A special re-interview this weekend of voters who had first been polled a week ago finds that public reaction to the $700-billion economic bailout package signed into law last week is decidedly mixed, with a narrow plurality of 42% saying it was the right thing to do and 39% saying it was the wrong thing to do; 19% are unsure.
The overall division in public opinion was similar prior to the measure’s passage (45% right thing to do, 38% wrong thing in interviews conducted Sept. 27-29).
However, the relative stability in the overall numbers obscures considerable movement in public opinion about the package.
The latest survey by the Pew Research Center for the People & the Press was conducted on landline phones and cell phones Oct. 3-5 among 820 adults, including 710 registered voters, who were previously interviewed.
The survey finds that many people changed their minds as the debate unfolded in Washington, with nearly four-in-ten (37%) holding a different opinion in the re-interview survey than they had expressed when interviewed a week ago.
In particular, Democrats and Republicans moved in opposite directions. In the Sept. 27-29 survey, members of both parties held similar views, with small pluralities favoring the plan (49% among Republicans, 46% among Democrats). Independents were almost evenly divided, with 42% saying the plan was the right thing to do and 40% saying it was the wrong approach.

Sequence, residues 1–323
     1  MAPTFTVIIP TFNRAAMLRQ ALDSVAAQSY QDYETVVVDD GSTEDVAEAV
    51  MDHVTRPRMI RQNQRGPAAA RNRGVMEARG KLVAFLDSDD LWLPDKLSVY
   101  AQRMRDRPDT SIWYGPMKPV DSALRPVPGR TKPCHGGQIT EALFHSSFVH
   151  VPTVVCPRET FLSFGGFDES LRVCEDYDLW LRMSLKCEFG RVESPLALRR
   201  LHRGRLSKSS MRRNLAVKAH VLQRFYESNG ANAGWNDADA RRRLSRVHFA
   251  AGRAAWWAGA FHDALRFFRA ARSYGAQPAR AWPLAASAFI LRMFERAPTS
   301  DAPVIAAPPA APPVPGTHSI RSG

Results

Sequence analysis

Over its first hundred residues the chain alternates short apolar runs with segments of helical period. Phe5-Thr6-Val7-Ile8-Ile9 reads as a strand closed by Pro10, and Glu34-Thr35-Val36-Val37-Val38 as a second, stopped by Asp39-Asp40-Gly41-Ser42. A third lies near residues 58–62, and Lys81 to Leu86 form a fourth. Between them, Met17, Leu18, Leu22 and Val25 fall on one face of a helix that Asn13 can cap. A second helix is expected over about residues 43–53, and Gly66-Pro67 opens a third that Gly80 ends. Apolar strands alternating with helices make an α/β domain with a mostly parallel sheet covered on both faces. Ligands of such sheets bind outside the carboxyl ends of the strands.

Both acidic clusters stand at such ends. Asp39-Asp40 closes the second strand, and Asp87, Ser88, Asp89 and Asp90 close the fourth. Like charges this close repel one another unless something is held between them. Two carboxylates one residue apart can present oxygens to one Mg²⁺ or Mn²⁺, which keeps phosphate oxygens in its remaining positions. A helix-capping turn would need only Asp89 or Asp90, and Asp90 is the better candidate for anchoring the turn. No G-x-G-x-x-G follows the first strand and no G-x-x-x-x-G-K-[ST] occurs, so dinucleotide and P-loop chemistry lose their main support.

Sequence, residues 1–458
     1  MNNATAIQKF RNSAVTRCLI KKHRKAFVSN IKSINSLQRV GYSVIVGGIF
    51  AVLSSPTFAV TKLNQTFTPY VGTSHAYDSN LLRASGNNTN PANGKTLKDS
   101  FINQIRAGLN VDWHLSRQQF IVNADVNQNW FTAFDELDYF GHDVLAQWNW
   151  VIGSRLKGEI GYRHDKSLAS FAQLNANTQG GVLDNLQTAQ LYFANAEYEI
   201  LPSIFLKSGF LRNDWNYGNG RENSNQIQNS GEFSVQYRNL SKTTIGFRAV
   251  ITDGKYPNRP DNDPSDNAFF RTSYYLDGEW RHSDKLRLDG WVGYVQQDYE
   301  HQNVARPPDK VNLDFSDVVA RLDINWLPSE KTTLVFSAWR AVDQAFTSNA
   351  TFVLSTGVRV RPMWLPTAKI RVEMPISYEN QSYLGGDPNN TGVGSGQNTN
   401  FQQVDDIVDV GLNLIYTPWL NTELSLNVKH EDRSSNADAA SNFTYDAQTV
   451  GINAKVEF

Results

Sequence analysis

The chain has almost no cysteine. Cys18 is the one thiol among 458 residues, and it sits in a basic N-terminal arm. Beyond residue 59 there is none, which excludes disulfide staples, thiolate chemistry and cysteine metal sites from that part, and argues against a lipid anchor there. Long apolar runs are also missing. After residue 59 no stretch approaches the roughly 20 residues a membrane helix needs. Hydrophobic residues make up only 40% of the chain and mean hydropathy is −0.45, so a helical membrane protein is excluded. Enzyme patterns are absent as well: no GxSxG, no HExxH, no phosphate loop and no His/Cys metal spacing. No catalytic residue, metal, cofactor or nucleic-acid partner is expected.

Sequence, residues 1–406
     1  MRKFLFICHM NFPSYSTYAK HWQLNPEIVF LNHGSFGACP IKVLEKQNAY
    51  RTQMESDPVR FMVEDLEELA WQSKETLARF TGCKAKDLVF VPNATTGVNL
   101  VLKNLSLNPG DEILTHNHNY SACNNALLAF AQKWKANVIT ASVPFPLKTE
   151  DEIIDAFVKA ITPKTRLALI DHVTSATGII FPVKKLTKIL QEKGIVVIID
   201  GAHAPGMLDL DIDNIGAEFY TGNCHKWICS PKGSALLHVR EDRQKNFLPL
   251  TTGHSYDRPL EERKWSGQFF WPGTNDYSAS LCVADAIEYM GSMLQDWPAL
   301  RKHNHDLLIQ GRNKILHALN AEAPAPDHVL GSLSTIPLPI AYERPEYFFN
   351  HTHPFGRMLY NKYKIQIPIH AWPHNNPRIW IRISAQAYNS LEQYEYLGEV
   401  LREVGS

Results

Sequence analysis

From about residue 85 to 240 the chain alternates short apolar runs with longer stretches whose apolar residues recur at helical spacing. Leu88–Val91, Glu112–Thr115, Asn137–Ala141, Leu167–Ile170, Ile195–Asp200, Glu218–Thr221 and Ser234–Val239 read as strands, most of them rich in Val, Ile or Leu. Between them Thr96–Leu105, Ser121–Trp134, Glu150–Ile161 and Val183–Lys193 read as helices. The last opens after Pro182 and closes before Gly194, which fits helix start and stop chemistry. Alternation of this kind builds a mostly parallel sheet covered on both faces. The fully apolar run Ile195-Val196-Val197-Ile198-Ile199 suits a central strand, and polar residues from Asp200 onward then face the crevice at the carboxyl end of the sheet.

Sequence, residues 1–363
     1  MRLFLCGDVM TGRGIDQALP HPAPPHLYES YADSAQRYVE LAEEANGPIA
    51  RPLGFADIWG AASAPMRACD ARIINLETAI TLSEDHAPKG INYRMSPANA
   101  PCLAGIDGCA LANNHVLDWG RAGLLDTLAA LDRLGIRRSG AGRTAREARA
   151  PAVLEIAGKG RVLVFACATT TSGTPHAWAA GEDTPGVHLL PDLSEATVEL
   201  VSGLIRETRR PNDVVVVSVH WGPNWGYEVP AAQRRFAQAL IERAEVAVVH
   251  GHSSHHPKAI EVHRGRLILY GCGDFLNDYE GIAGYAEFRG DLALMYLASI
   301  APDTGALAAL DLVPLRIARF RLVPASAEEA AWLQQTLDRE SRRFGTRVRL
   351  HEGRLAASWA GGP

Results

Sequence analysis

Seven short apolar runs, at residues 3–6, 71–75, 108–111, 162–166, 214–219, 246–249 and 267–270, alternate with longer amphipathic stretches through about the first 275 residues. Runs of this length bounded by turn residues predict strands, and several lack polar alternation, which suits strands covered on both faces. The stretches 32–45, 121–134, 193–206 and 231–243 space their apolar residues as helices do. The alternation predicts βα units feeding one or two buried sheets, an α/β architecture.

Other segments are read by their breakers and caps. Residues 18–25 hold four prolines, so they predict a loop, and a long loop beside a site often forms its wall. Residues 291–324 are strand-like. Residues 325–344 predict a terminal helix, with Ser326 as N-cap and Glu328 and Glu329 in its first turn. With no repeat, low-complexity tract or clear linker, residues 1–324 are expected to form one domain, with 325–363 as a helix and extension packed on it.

Now, Republicans are significantly more negative about the package; 45% now say it is the wrong thing to do, up from 38% a week ago. Independents have moved in the same direction and now oppose the plan by a margin of 47% to 36%. Meanwhile, 48% of Democrats now say the bailout is the right thing to do.
Echoing the divided public verdict on the bailout, 45% are pessimistic that the plan will keep financial markets secure; 42% say they are optimistic. A majority of independents (54%) say they are pessimistic about whether the bailout will work. Republicans (49% optimistic) and Democrats (47%) are more optimistic.
Public judgments about how Congress has handled the situation are now more negative than they were in late September. A plurality of 39% says Congress was too hasty, up from just 22% who said this earlier. About a quarter (23%) thinks Congress took too much time debating, while 29% say lawmakers gave the issue about the right amount of consideration. Independents, in particular, are more likely to say Congress acted too fast: 46% now say this, up from 25% a week ago.
Topline questionnaire findings can be found at pewresearch.org/politics.